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Why JPMorgan, Barclaycard Deal With Alipay and WeChat Pay Is a National Security Threat



Paying with plastic is easy, but for merchants, credit cards come with pesky fees. Imagine if consumers instead used mobile payment apps that charged much lower fees. Such apps are conquering the world—led by Chinese giants Alipay and WeChat Pay. Last month, JPMorgan announced it will be partnering with Alipay. All this creates a lot of data the Chinese government will want access to. Convenient payment for coffee, groceries, and other daily items could become a national security risk.

Two years ago, U.K.-based Barclaycard issued a press release that didn’t get much attention. “Barclaycard partners with Alipay to help U.K. merchants increase sales from booming Chinese tourism,” announced the credit card firm, which processes nearly half of all credit card transactions in the United Kingdom.

The reason the announcement flew under the radar is not many Europeans were using Alipay (which is owned by tech conglomerate Ant Group) or its fellow Chinese archrival, Tencent-owned WeChat Pay. Instead, Barclaycard’s announcement concerned the U.K.’s around 1 million Chinese residents and tourists. The pandemic meant Alipay got off to a rocky start in the U.K., but in filings last month, the company said its growth opportunities in the United Kingdom and other European countries were “significantly heightened.”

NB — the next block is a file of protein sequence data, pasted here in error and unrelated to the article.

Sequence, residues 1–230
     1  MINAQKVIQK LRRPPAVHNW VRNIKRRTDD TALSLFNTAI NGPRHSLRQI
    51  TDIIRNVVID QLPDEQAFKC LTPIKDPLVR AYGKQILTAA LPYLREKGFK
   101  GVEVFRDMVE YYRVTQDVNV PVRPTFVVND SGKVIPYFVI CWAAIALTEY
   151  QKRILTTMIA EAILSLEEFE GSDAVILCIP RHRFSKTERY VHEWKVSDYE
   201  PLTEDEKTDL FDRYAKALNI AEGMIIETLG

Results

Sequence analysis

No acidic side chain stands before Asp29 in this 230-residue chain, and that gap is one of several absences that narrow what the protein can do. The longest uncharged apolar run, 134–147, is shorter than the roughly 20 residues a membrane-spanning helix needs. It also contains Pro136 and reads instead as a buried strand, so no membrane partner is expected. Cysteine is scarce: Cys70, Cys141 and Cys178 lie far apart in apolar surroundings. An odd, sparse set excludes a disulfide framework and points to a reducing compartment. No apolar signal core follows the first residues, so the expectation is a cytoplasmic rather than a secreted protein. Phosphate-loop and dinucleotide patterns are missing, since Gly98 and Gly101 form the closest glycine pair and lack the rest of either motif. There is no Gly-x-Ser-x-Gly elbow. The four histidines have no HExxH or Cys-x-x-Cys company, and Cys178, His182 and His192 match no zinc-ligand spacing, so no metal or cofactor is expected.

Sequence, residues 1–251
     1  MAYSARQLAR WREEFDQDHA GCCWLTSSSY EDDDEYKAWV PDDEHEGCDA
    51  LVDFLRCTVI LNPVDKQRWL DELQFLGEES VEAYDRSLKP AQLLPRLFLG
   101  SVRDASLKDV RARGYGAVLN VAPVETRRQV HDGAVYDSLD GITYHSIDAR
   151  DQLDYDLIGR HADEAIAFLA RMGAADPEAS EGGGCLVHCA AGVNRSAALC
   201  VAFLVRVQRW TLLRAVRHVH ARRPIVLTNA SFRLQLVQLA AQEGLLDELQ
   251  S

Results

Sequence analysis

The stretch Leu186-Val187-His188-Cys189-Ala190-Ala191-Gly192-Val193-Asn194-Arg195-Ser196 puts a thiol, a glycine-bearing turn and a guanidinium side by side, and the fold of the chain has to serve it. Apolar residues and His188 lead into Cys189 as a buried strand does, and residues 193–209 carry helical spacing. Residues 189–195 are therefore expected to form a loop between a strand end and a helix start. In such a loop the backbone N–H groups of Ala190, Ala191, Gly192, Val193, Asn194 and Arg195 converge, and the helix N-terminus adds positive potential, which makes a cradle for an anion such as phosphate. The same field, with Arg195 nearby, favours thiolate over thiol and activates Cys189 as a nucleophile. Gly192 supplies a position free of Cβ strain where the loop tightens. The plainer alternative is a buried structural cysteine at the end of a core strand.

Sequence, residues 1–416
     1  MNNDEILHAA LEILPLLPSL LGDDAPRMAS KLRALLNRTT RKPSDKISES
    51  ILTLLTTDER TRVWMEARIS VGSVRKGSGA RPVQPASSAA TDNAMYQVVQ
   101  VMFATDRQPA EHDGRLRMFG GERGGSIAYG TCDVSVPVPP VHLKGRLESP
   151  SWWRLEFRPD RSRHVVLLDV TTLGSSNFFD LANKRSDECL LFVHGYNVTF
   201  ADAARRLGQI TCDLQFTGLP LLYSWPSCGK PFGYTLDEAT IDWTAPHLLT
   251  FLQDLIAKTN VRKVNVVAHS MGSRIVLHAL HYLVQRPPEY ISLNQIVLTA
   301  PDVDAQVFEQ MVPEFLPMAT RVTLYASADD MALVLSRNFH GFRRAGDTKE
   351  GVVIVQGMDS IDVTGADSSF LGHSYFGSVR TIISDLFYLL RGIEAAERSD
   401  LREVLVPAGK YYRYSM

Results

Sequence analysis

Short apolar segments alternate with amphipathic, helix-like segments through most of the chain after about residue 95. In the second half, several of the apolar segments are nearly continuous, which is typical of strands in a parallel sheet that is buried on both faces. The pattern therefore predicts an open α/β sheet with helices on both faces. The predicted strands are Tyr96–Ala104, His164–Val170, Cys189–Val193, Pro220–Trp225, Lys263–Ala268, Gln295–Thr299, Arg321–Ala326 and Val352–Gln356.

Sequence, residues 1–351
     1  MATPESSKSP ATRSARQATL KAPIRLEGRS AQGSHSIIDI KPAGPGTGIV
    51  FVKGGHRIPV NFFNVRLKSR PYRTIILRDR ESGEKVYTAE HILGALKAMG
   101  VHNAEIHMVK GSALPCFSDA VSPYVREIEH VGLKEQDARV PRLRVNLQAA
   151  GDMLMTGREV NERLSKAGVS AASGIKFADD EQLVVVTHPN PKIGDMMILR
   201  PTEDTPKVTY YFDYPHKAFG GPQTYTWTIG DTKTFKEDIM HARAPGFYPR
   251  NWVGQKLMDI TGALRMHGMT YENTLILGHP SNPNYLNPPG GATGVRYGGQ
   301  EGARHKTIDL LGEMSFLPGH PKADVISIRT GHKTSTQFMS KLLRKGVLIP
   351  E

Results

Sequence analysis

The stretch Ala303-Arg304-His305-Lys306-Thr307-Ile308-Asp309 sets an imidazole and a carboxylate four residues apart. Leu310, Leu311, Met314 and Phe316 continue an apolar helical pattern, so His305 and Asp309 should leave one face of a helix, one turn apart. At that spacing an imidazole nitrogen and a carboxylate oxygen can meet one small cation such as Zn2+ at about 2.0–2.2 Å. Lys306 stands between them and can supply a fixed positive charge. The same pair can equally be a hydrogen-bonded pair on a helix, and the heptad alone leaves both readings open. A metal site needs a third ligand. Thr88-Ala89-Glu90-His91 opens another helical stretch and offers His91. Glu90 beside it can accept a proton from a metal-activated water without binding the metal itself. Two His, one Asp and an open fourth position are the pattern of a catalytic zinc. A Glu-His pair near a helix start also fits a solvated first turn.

Paying with plastic is easy, but for merchants, credit cards come with pesky fees. Imagine if consumers instead used mobile payment apps that charged much lower fees. Such apps are conquering the world—led by Chinese giants Alipay and WeChat Pay. Last month, JPMorgan announced it will be partnering with Alipay. All this creates a lot of data the Chinese government will want access to. Convenient payment for coffee, groceries, and other daily items could become a national security risk.

Two years ago, U.K.-based Barclaycard issued a press release that didn’t get much attention. “Barclaycard partners with Alipay to help U.K. merchants increase sales from booming Chinese tourism,” announced the credit card firm, which processes nearly half of all credit card transactions in the United Kingdom.